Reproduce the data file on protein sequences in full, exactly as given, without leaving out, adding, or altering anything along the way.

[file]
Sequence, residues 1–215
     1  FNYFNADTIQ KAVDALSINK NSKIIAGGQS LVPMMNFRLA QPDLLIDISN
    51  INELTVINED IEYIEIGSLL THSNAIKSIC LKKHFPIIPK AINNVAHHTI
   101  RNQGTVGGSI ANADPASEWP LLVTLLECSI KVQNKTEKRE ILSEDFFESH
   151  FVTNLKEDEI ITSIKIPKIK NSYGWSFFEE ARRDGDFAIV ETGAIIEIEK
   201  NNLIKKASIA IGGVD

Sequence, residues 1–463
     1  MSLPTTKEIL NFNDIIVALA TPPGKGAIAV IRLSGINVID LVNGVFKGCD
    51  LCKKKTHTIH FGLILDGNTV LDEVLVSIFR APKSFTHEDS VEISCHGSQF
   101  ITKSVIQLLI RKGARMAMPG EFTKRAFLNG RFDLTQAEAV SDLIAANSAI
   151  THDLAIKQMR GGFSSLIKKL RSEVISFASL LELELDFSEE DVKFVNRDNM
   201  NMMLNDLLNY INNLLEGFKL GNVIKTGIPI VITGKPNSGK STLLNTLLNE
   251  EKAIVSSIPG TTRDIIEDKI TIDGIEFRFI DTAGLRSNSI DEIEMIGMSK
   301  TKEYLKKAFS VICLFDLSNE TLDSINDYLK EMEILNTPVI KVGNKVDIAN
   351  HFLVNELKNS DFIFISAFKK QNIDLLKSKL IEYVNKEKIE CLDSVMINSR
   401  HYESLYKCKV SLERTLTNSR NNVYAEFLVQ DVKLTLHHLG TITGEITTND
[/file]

Sequence, residues 1–215
     1  FNYFNADTIQ KAVDALSINK NSKIIAGGQS LVPMMNFRLA QPDLLIDISN
    51  INELTVINED IEYIEIGSLL THSNAIKSIC LKKHFPIIPK AINNVAHHTI
   101  RNQGTVGGSI ANADPASEWP LLVTLLECSI KVQNKTEKRE ILSEDFFESH
   151  FVTNLKEDEI ITSIKIPKIK NSYGWSFFEE ARRDGDFAIV ETGAIIEIEK
   201  NNLIKKASIA IGGVD

Sequence, residues 1–463
     1  MSLPTTKEIL NFNDIIVALA TPPGKGAIAV IRLSGINVID LVNGVFKGCD
    51  LCKKKTHTIH FGLILDGNTV LDEVLVSIFR APKSFTHEDS VEISCHGSQF
   101  ITKSVIQLLI RKGARMAMPG EFTKRAFLNG RFDLTQAEAV SDLIAANSAI
   151  THDLAIKQMR GGFSSLIKKL RSEVISFASL LELELDFSEE DVKFVNRDNM
   201  NMMLNDLLNY INNLLEGFKL GNVIKTGIPI VITGKPNSGK STLLNTLLNE
   251  EKAIVSSIPG TTRDIIEDKI TIDGIEFRFI DTAGLRSNSI DEIEMIGMSK
   301  TKEYLKKAFS VICLFDLSNE TLDSINDYLK EMEILNTPVI KVGNKVDIAN
   351  HFLVNELKNS DFIFISAFKK QNIDLLKSKL IEYVNKEKIE CLDSVMINSR
   401  HYESLYKCKV SLERTLTNSR NNVYAEFLVQ DVKLTLHHLG TITGEITTND